“This is not the best of time for us students. Our lecturers are not helping matter; they don’t simplify their lectures for us to understand,” she bemoaned.

A member of the management, who craved anonymity because he was not authorised to speak, said the management of FUOYE has put proper arrangements in place for virtual learning.

“We have made provisions for stipends for lecturers who need to buy data for their online classes. We have also improved on the reception system on campus, such that any student who is on campus can easily assess the Internet for online teaching.

“There have been challenges, but we are learning to surmount them and we are indeed surmounting them.”

On the issue of cancellation of session, he said the university has cancelled the 2020/2021 session, noting that the those new students who ought to have resumed in November last year for Harmattan semester would now resumed in October this year.

He stated that the most affected by the decision are those admitted in 2019 before the outbreak of COVID-19, while returning students also lost one academic session.

“Talking about the effect on students, we can only hope for the best. The current situation appears to be a national malaise that is not limited to our citadel of learning here,” he said.

The Coordinator, Centre for Information, Press and Public Relations, Lagos State University, Ademola Adekoya, of the Lagos State University (LASU), Ojo, Mr. Ademola Adekoya, identified technical competence, data and infrastructure as issues that must be addressed to overcome the challenges of online learning.

Adekoya said one of the challenges is technical competence of lecturers, adding: “If they are not technically savvy, they cannot do any online teaching. For somebody who is used to face- to-face lectures, you are now asking him to migrate to online is a serious challenge for him. So they have to develop the technical competence.”

He said to solve that problem, LASU brought together a team of ICR, multimedia and education technologists to conduct seminars and teach the lecturers what they need to know about online teaching and what they need to have in place.

Adekoya acknowledged that many people might find it difficult to buy data for themselves, noting: “What the university did was to provide free WiFi all over campus for students and staff to use for online learning.”

He noted that without the necessary infrastructure to set up online learning, there would be problems, adding that universities must provide working materials, including laptops for lecturers for them to teach the students.

“Poor Internet connectivity is a serious challenge, but LASU solved that problem with the help of the State Government using a platform called Envevo. All Lagos State-owned higher institutions are now on the platform.

“What they had the students do was to migrate to the platform using their matriculation numbers. So, they had the lecturers uploading the content of their lecture and the students having access to them.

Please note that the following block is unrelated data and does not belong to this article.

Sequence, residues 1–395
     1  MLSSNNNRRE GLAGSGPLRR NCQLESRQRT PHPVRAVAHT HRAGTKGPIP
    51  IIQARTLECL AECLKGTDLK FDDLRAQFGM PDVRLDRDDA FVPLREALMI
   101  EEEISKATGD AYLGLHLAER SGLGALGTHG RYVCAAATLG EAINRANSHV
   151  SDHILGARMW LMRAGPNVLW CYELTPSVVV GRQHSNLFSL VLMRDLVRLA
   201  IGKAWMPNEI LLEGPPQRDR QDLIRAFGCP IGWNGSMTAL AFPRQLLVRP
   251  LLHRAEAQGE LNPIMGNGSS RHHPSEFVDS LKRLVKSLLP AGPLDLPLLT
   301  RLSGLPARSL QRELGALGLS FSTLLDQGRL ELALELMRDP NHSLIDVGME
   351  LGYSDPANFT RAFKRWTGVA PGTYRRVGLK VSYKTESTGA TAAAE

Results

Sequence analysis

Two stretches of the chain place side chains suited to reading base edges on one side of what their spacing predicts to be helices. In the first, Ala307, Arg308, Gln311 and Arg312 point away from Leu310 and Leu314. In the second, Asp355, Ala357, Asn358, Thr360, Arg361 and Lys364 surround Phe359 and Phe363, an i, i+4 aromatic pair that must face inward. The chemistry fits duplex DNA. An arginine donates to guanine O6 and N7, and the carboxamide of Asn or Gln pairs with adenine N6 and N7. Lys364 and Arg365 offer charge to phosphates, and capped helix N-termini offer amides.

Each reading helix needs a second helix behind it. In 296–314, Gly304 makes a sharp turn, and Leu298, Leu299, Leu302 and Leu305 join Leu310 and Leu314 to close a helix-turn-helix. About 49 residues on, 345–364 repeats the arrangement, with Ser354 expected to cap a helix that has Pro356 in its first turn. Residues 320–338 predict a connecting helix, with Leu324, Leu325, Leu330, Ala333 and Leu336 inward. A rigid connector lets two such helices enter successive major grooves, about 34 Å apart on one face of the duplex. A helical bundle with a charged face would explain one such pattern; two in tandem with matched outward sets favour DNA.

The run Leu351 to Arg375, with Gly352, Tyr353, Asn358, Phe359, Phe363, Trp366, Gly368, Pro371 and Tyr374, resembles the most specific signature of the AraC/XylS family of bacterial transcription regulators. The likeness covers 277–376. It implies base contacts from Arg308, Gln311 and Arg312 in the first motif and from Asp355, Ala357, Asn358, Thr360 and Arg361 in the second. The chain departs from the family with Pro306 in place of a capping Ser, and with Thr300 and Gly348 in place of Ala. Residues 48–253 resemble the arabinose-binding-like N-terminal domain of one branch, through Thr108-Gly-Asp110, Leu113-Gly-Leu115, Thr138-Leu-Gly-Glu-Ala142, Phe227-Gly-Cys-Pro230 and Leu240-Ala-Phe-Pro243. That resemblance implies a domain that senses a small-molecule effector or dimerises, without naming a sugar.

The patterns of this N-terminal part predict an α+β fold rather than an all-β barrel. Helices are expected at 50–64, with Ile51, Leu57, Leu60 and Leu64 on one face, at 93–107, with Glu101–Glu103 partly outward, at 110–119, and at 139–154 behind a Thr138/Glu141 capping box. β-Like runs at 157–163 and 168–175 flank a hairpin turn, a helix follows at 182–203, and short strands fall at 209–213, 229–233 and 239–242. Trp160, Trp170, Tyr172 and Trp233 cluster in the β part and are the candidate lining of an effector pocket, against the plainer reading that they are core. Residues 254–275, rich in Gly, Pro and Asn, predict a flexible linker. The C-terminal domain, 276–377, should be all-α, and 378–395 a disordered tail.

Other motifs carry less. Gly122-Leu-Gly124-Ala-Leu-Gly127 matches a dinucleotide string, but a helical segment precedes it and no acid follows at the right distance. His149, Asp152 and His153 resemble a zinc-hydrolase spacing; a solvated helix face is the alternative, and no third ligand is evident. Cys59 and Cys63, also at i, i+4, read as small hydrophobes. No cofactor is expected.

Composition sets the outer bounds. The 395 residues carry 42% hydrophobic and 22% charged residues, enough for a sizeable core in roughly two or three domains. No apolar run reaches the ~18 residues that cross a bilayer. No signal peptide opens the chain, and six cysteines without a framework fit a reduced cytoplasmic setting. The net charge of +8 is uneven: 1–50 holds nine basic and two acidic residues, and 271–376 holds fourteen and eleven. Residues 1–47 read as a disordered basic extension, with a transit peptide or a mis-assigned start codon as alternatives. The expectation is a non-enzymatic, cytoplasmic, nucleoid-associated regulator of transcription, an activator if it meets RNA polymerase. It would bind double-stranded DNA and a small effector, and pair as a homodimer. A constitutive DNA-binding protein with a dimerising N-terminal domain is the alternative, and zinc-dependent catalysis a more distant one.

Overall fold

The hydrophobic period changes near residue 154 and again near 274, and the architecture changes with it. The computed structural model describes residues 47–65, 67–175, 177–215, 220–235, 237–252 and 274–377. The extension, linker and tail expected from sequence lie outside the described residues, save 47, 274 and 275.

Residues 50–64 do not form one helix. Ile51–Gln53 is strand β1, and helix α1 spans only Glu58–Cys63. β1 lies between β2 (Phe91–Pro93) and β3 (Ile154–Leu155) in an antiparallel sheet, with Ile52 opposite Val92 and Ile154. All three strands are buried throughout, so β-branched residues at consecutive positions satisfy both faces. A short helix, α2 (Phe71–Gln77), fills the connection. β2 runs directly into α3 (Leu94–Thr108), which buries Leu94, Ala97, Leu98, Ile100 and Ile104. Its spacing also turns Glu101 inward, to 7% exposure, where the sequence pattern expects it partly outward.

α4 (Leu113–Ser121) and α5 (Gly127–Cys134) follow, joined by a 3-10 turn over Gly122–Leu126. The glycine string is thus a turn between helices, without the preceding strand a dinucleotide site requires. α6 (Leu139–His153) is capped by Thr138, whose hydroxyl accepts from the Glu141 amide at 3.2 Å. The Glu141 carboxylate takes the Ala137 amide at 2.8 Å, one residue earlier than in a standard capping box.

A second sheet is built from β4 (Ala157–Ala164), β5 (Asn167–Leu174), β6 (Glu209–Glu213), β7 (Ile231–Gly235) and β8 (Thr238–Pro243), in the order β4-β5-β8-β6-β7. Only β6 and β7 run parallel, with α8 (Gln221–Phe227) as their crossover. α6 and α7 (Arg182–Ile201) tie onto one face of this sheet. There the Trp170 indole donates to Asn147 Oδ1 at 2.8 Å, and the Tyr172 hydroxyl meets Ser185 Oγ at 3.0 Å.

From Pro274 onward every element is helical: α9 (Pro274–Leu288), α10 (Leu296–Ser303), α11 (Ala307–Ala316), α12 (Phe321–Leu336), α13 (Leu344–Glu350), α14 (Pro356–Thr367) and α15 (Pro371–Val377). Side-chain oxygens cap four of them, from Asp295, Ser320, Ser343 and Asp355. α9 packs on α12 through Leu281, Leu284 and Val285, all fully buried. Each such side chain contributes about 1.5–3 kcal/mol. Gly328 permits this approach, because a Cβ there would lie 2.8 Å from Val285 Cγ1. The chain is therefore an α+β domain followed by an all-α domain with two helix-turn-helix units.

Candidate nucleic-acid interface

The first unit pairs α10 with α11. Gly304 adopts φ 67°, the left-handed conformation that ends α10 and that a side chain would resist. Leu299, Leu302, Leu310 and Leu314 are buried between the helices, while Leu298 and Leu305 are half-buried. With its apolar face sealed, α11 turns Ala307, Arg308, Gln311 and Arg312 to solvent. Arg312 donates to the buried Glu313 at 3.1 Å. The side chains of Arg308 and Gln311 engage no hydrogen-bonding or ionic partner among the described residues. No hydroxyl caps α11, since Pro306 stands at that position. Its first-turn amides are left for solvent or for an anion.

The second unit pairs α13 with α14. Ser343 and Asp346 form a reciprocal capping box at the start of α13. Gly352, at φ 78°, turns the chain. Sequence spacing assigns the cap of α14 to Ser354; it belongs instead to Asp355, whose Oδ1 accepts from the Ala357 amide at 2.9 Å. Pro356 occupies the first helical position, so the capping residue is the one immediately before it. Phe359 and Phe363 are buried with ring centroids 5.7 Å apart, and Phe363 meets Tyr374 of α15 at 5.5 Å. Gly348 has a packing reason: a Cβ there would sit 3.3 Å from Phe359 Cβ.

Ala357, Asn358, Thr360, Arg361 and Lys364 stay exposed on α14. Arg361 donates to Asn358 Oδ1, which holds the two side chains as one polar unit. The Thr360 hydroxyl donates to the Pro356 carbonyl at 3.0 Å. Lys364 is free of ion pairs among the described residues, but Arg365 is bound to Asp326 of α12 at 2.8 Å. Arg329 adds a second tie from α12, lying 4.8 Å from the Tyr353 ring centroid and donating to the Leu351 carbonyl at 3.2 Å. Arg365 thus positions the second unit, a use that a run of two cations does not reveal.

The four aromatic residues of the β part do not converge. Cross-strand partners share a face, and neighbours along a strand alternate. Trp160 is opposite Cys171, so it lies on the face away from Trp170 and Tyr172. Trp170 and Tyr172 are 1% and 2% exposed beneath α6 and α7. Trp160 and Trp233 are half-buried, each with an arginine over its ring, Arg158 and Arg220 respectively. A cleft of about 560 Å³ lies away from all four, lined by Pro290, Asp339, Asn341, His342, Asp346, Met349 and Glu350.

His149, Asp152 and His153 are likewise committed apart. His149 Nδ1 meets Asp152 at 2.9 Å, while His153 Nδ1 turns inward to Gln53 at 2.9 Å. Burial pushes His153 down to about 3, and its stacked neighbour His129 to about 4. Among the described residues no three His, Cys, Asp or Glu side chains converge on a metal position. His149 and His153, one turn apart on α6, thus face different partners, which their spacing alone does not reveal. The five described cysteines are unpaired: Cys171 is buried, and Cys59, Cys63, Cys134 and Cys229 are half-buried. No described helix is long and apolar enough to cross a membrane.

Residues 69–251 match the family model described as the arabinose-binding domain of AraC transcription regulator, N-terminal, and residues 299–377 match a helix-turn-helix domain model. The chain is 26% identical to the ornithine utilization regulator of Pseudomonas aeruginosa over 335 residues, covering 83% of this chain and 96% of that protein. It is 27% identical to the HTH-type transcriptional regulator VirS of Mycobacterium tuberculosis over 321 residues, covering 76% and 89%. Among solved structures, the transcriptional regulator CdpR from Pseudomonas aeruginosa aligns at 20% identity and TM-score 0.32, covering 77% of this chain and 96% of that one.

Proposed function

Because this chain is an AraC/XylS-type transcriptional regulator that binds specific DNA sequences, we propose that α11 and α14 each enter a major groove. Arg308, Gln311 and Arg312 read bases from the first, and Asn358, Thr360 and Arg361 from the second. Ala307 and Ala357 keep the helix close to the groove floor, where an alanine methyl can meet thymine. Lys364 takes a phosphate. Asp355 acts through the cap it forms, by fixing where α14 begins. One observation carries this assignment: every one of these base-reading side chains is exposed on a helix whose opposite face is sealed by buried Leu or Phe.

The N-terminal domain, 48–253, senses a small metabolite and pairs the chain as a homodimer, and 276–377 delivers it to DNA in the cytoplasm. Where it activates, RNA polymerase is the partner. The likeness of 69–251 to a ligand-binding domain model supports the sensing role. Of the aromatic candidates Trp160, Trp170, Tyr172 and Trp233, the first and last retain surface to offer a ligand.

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“It is also easy for the students to have access to the platform. At their convenience, they can go there to download, study and respond to whatever they need to response to.”

Adekoya stated that LASU already had a distance learning research institute, where they were conducting online learning even before COVID-19, stressing the need to adapt to online learning reality, as its the way of the future.

Speaking with The Guardian on these concerns and challenges, a telecoms expert, Kehinde Aluko, said the political will is lacking in the deployment of e-learning in Nigeria, especially in the varsities.

According to him, how can the country boast of huge bandwidth capacity to the tune of 40 terabytes, yet institutions are not served adequately well because of bottlenecks.

Aluko said until there is political will to help operators take the bandwidth from the shores of the country to cities and hinterland, having a robust online lecture will be a mirage.

He stressed that e-learning in Nigerian tertiary institutions is still a dream because of poor ICT infrastructure and other socio-economic reasons.

“Due to very high primary cost of infrastructural development and to increase public access to internet and other ICTs, the developing countries are still far behind from getting benefit from the e-learning,” he stated.

An official of one of the operators, who spoke with The Guardian on the condition of anonymity, said the telecommunications firm supplies bandwidth capacity to some universities, especially the private ones, in the country.

“You know, it is majorly the private varsities that make use of such infrastructure. Hardly will you see public varsities invest in such, except for some management offices, which must communicate.

“But we have seen some private varsities invest in Internet infrastructure,” he stated.

According to him, the belief is that the COVID-19 has further exposed the importance of ICT across the globe, Nigeria inclusive, as most things are now done online.

“Internet has become an important infrastructure, even the United Nations (UN) has declared it as fundamental human right. It is a matter of time; the public universities will start investing in WiFi and the rest,” he stated.